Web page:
OBJECTIVE: Nutritional, immunological and psychological benefts of exclusive breastfeeding for the frst 6 months of life are unequivocally recognized. However, mothers should also be aware of the importance of breastfeeding for promoting adequate oral development. This study evaluated the association between breastfeeding and non-nutritive sucking patterns and the prevalence of anterior open bite in primary dentition. MATERIAL AND METHODS: Infant feeding and non-nutritive sucking were investigated in a 3-6 year-old sample of 1,377 children, from São Paulo city, Brazil. Children were grouped according to breastfeeding duration: G1 - non-breastfed, G2 - shorter than 6 months, G3 - interruption between 6 and 12 months, and G4 - longer than 12 months. Three calibrated dentists performed clinical examinations and classifed overbite into 3 categories: normal, anterior open bite and deep bite. Chi-square tests (p<0.05) with odds ratio (OR) calculation were used for intergroup comparisons. The impact of breastfeeding and non-nutritive sucking on the prevalence of anterior open bite was analyzed using binary logistic regression. RESULTS: The prevalence estimates of anterior open bite were: 31.9% (G1), 26.1% (G2), 22.1% (G3), and 6.2% (G4). G1 would have signifcantly more chances of having anterior open bite compared with G4; in the total sample (OR=7.1) and in the subgroup without history of non-nutritive sucking (OR=9.3). Prolonging breastfeeding for 12 months was associated with a 3.7 times lower chance of having anterior open bite. In each year of persistence with non-nutritive sucking habits, the chance of developing this malocclusion increased in 2.38 times. CONCLUSIONS: Breastfeeding and non-nutritive sucking durations demonstrated opposite effects on the prediction of anterior open bite. Non-breastfed children presented signifcantly greater chances of having anterior open bite compared with those who were breastfed for periods longer than 12 months, demonstrating the benefcial infuence of breastfeeding on dental occlusion.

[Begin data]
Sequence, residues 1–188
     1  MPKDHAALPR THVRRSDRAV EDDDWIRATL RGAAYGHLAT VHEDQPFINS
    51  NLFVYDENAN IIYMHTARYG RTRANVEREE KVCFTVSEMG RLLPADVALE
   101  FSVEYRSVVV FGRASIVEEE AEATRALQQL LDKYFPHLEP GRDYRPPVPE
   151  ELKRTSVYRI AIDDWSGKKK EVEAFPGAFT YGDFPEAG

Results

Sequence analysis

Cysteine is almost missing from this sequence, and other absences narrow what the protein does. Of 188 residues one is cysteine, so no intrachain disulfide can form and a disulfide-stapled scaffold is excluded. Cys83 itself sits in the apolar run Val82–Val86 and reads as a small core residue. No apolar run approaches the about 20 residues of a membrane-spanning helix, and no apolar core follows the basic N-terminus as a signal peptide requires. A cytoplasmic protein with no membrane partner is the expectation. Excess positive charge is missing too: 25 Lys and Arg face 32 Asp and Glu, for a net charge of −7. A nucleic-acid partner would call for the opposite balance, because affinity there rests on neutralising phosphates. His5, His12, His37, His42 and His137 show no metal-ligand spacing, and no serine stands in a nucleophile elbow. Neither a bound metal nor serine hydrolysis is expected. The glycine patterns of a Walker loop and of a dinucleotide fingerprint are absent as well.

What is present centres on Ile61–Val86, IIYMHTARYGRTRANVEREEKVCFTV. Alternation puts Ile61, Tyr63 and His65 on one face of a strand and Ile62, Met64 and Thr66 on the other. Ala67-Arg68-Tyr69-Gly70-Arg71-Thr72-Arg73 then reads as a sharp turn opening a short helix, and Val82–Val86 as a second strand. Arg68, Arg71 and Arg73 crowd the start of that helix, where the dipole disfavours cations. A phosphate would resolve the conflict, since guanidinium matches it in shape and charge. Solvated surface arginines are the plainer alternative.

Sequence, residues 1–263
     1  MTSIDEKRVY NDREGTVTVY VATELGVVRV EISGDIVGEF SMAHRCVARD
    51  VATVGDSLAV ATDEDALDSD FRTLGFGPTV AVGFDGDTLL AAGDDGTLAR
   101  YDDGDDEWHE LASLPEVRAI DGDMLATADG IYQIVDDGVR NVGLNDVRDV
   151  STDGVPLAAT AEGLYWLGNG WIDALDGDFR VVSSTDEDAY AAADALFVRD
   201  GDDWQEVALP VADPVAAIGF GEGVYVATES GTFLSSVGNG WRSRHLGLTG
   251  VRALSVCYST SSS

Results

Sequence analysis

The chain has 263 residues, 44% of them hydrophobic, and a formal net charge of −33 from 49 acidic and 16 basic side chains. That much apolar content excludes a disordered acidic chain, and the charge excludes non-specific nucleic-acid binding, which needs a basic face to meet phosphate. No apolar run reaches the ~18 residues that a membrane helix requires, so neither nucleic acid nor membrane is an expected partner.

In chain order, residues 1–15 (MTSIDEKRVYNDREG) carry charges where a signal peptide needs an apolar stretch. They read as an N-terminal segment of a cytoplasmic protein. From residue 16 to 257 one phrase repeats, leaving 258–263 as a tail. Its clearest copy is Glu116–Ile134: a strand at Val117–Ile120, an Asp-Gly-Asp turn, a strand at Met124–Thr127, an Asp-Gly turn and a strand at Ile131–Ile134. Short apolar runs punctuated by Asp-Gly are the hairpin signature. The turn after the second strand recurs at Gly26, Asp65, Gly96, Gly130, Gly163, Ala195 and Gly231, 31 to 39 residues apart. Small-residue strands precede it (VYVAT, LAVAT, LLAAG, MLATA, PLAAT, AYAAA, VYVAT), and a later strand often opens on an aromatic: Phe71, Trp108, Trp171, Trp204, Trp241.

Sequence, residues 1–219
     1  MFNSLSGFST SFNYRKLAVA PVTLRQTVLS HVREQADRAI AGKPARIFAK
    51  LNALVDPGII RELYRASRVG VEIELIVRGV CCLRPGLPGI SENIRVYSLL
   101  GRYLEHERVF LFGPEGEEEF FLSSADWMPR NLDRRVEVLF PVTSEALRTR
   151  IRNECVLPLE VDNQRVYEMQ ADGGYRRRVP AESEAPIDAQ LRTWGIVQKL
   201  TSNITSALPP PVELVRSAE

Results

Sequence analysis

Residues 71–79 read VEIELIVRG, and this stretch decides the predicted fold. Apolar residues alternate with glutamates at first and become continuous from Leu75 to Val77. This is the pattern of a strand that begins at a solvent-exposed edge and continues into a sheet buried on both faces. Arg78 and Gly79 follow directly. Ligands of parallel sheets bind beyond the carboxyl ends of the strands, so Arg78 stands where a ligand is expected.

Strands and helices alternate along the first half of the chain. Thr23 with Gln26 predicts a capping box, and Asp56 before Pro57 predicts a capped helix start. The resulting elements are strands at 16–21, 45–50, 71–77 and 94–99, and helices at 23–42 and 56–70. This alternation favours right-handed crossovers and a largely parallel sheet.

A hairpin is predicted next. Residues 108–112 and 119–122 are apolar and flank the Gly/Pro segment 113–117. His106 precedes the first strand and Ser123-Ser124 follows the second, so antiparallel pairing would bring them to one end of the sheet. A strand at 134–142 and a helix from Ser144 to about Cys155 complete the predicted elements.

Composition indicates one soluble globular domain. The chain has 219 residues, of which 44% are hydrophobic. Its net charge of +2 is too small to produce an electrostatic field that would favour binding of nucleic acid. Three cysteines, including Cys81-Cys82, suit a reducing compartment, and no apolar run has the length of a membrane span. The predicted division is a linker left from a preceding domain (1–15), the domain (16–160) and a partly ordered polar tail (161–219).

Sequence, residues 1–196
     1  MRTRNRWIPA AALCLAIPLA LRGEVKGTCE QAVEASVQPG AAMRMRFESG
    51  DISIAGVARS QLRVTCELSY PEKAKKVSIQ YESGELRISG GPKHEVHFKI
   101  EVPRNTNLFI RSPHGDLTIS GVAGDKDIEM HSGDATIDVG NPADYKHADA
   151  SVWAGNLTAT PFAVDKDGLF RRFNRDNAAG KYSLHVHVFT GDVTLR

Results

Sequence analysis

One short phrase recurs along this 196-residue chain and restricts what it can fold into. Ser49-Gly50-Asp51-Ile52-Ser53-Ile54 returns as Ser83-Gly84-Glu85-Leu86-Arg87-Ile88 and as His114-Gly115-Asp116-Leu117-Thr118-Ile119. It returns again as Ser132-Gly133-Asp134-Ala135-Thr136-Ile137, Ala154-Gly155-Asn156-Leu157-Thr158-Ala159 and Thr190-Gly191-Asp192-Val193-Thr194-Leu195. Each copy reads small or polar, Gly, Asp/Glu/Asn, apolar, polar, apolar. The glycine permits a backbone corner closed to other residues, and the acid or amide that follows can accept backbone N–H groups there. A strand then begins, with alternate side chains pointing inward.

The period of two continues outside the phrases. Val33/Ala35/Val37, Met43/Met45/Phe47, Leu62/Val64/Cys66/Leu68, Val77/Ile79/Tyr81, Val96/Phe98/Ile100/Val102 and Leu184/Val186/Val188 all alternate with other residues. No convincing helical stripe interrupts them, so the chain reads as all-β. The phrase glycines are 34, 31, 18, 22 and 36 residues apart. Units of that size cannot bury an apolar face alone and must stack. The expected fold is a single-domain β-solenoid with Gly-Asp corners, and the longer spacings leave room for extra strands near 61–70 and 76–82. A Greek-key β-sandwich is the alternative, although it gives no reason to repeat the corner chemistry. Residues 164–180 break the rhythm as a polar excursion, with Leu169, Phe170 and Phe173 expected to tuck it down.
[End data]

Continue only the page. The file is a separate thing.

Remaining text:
Breastfeeding; Malocclusion; Primary dentition